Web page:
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Pearson, Simon & Warshaw, LLP and Kaliel PLLC: New Class Action Lawsuit Challenges Fortnite’s Sale of Loot Boxes

George Miller

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Pearson, Simon & Warshaw, LLP and Kaliel PLLC: New Class Action Lawsuit Challenges Fortnite’s Sale of Loot Boxes
Image Source: theverge.com
Reading Time: 2 minutes

 

Pearson, Simon & Warshaw, LLP and Kaliel PLLC filed suit, Altes v. Epic Games, Inc. Case No. 2:19-cv-01488 in the U.S. District Court for the Central District of California on February 28, 2019, alleging that Defendant Epic Games, Inc., the developer of the wildly popular video game Fortnite, uses predatory tactics to lure players into making in-game purchases. Specifically, the Complaint challenges Fortnite’s unfair and deceptive marketing of its “loot boxes,” known as “Llamas,” in Fortnite Save the World.

The Complaint, which is filed as a class action on behalf of California consumers, is brought by Mr. Altes on behalf of his child, a minor. Melissa Weiner, an attorney representing Mr. Altes and his son, commented, “Fortnite’s conduct with respect to loot boxes is especially egregious because so many of its players are kids.”

A “loot box” is a virtual pack of goods which contains a randomized selection of virtual items to be used in a game. Loot boxes can contain everything from purely cosmetic items—known as “skins,” which offer no competitive advantages—to a variety of items such as “power ups” that can dramatically alter a player’s chance of progressing in the game. The loot boxes in Fortnite Save the World, known as Llamas, are of the latter variety, offering players a chance to advance in the game.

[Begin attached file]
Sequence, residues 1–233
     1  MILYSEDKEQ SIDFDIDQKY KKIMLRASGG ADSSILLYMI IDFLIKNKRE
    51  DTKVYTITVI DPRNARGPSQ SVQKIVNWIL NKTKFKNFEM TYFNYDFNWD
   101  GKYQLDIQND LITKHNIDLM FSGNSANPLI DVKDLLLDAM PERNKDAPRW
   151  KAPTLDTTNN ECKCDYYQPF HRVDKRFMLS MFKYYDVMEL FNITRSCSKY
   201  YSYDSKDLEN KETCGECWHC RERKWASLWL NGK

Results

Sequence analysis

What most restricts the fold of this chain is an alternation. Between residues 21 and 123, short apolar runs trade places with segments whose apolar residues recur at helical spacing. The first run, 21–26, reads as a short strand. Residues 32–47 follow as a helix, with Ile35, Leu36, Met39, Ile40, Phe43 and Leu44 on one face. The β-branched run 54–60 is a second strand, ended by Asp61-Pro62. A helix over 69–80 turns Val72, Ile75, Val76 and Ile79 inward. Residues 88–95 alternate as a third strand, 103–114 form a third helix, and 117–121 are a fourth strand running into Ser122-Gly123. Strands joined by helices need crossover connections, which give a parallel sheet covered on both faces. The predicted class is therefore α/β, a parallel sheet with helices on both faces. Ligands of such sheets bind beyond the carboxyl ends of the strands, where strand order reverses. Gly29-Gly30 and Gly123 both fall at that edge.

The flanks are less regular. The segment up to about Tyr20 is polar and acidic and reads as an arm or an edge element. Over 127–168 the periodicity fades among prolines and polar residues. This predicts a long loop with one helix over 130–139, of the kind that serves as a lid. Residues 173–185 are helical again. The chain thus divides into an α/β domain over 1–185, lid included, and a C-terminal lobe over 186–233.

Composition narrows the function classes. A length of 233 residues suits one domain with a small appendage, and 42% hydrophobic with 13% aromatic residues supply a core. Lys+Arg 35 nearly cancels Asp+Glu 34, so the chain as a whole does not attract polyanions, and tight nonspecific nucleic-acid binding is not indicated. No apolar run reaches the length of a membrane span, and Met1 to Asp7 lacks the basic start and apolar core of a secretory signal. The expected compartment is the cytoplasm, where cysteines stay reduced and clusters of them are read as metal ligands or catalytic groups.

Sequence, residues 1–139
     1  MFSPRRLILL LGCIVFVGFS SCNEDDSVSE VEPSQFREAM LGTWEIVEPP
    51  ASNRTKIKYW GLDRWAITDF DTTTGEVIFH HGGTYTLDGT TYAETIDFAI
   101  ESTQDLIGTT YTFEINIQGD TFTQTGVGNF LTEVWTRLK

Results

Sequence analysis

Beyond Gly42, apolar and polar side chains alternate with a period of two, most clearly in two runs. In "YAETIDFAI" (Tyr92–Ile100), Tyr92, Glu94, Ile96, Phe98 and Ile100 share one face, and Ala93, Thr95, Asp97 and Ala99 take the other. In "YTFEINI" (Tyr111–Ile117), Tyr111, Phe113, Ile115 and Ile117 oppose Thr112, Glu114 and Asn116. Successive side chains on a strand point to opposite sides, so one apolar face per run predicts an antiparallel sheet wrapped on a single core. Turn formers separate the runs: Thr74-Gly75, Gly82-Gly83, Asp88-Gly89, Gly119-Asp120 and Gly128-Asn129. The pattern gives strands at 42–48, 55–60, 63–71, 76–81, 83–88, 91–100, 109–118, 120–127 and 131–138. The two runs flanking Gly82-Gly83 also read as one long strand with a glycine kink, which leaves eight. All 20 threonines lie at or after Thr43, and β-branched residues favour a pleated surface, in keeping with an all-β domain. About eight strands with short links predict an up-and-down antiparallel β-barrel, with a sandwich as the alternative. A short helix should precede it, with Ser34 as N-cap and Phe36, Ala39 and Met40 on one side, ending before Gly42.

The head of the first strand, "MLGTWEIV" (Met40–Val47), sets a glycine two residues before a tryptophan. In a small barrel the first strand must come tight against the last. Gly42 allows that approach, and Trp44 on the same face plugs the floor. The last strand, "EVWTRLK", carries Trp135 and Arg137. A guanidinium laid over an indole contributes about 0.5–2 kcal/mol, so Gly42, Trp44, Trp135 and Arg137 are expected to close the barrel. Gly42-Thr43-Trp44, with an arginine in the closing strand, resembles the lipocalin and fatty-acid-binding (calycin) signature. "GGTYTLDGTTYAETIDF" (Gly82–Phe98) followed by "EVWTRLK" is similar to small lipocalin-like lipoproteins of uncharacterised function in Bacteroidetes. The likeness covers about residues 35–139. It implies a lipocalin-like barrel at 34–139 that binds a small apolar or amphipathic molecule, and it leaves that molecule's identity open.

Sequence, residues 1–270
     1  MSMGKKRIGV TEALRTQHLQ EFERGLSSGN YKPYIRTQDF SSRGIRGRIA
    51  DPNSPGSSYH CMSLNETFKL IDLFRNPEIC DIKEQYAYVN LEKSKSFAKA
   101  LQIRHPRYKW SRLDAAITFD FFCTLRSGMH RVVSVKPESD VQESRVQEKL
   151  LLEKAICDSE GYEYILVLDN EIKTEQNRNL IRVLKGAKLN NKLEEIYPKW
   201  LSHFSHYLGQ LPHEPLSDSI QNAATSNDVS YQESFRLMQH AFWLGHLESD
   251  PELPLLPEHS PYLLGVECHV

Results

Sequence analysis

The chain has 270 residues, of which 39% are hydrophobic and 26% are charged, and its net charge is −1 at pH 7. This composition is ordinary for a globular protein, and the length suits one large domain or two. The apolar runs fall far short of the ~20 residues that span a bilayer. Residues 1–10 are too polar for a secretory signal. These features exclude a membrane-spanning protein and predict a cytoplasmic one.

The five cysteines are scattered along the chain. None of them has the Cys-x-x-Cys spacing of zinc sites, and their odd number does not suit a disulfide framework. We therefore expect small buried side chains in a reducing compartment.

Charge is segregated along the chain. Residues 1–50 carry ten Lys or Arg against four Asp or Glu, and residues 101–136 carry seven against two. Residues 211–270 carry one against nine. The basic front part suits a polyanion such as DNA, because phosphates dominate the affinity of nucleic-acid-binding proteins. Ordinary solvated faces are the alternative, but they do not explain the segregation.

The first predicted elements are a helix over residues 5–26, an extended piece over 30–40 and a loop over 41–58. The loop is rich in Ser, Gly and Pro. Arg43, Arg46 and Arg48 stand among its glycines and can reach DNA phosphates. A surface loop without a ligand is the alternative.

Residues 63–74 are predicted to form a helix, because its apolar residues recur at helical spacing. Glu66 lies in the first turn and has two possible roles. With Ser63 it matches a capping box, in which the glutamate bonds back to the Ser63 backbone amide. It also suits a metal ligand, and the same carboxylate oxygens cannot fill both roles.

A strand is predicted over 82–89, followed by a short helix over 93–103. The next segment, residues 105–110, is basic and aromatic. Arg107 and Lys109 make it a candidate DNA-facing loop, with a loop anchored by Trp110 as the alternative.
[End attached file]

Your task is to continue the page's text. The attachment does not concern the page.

Recently, loot boxes have generated significant controversy, with some countries, such as Belgium, Netherlands, and Australia finding that they constitute illegal gambling, based on the fact that consumers pay real currency for potential “loot” that is not guaranteed.

Other countries, including China and Korea, have recently issued regulations requiring games with loot boxes to disclose the odds of winning loot box contents.  In the U.S., the Federal Trade Commission has vowed to investigate the use of loot boxes in video games, but so far, has taken no action.

Mr. Altes’ Complaint, which was filed in federal court in California, alleges that through both misrepresentations and omissions, Epic markets loot box Llamas in Fortnite Save the World as highly likely to contain valuable loot, but in reality, the Llamas do not contain the loot expected by the reasonable consumer, and especially by the reasonable minor. The Complaint alleges that Epic fails to disclose that the odds of receiving valuable loot are next to nothing, and, if players knew the actual odds of receiving the items they desired, they would not purchase the Llamas.